This book aims not only to inform readers about evolution but also to generate a particular attitude. We might wonder why she thinks ordinary people would take in three hundred-some pages of fairly rigorous science, and what she wants us to get in the process. Her expectation of readers is linked with her argument: if we properly understand who we are and where we come from, we will recognize evolution at work and learn to delight in both our relationship to other species and in the ­jerry-rigged-but-efficient construction of our body. She wants the news of evolution to make us glad. While glad is not my general reaction, there is at least one pleasant consequence to taking evolution personally. It fosters healthy disregard for the many prescriptions foisted upon us on (sketchy) evolutionary grounds. The “way we were made” or “what we are hardwired to do” often are employed to shame us into certain behaviors: exercise programs telling us to move like our spear-hunting ancestors, and run shoeless; paleo diets that prioritize meat, nuts, and plants as our natural nutriments; contrasting excuses permitting us salty, sweet, and fatty foods we are “hardwired” to prefer. Roberts’s sense of us as evolved beings suggests we need not be adapted to caveman conditions, any more than we should feel obligated to climb trees and nosh on leaves.

But might not evolution indicate that our bodies don’t mean anything? That they simply are, and are ours for staying alive and reproducing, case closed? Roberts tries to push readers past that disenchantment and resignation. Instead, she wants this knowledge, of the process and of the human body, to breed wonder and delight.

Seeing ourselves as connected to everything else, indeed as blooming from the primordial stuff of the earth, should fuel our satisfaction in a way not unlike Carl Sagan’s pronouncement that we are “star stuff.”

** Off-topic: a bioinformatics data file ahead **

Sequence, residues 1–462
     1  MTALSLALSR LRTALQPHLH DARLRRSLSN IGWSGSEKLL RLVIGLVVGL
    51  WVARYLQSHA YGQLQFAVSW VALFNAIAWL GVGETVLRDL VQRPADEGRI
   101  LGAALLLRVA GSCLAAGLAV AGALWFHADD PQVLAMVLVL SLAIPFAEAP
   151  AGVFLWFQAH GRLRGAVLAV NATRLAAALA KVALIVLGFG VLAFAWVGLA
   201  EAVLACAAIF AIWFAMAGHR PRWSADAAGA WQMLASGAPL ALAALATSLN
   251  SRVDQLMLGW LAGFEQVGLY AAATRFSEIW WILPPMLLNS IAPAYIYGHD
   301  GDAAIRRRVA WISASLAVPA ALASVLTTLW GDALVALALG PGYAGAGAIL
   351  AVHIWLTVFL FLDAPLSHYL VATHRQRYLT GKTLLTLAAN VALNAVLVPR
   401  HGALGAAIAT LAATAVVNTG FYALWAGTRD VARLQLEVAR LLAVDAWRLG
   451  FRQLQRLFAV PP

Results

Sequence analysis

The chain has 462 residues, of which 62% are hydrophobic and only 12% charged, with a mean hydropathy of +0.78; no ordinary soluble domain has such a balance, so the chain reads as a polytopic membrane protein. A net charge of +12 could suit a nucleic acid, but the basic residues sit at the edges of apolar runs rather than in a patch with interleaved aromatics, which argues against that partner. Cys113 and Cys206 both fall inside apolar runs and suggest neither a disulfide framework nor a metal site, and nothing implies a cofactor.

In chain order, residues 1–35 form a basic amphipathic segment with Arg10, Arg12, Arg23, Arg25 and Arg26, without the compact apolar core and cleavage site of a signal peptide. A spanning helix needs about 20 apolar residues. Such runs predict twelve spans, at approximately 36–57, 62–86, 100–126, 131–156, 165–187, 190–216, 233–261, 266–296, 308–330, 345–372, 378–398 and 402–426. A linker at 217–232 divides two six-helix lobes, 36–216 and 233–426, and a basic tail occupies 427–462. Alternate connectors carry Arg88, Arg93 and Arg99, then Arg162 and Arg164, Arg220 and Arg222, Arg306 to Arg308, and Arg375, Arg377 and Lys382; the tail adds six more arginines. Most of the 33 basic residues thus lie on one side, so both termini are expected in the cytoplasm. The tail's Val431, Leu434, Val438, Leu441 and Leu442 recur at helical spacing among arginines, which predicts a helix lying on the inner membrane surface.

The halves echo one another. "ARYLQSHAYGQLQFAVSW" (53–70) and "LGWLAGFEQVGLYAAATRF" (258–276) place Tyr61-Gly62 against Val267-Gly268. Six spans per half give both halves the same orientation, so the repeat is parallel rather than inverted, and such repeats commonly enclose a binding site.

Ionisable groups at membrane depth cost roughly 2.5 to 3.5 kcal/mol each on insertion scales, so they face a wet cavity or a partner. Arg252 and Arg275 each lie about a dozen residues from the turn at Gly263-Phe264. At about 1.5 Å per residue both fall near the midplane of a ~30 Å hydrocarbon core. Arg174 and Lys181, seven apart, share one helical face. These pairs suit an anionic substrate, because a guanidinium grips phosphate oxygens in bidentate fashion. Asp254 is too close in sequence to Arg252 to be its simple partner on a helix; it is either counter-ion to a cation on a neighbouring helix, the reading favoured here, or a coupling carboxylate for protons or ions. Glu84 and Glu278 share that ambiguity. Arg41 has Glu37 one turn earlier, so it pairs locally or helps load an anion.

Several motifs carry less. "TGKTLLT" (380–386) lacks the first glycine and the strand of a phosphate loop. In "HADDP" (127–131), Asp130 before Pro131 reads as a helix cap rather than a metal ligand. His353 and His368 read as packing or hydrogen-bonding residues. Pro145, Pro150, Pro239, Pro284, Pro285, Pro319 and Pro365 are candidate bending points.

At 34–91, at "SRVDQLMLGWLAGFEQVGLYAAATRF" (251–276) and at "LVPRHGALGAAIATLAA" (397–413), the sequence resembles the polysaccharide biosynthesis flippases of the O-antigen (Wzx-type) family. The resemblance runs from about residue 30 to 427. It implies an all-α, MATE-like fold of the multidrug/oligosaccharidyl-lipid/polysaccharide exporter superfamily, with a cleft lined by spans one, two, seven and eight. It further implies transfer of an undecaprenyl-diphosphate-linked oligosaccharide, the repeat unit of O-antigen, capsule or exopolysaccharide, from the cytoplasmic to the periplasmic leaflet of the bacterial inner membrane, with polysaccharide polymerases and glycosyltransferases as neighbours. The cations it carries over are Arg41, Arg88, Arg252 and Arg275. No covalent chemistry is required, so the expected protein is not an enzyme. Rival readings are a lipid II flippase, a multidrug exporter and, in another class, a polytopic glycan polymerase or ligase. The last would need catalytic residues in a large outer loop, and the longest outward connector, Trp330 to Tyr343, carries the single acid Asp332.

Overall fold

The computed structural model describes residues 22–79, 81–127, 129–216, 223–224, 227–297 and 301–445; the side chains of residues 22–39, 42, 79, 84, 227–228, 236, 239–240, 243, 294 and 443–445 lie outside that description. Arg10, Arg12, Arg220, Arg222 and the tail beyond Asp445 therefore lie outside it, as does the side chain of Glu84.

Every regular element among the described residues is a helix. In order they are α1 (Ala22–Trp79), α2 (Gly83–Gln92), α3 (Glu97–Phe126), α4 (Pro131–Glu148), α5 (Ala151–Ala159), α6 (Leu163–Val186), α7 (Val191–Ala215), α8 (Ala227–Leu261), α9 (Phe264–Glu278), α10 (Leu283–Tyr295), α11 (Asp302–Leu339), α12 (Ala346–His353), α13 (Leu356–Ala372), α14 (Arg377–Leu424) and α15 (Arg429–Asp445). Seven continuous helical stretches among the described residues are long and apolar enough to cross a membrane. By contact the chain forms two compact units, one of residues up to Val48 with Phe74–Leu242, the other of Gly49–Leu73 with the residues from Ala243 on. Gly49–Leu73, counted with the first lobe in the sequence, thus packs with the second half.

Amplifying joyous amazement at our evolved selves is the title attribute, the “unlikeliness” of it all. Repeatedly she admits that the process of embryo development is so complex that things easily could go wrong, and sometimes do. But each of us matters so little in the evolutionary scheme of things that the clay can hardly talk back to the potter. Reckoning with our low origins, a hairless ape who is kin to a hagfish, we might be blown away with the sheer dumb luck that we exist at all. All those points in evolutionary history when things could have gone differently, plus all those other sperm that could have fertilized the egg and made somebody else, mean “the chances of your conception are vanishingly small.” So we should be glad because we are “lucky to be alive.” Further, our being lays on us the “heavy burden” of “weighty responsibility,” to use our big brains to understand and communicate, to direct the global impact of our actions “informed by the investigative urge we call science.”

That fails to satisfy. If it is unlikely that I exist, but I do, philosophy and theology help me find my place better than does that “investigative urge” alone. Scripture and experience teach that we come from dust and return, but also that the way we are made is fearful and wonderful. It may not be possible to tell what the human being is, even by looking microscopically at embryos or through the lens of evolution, but God is mindful of us.


Agnes R. Howard is Assistant Professor of History at Gordon College in Wenham, Massachusetts.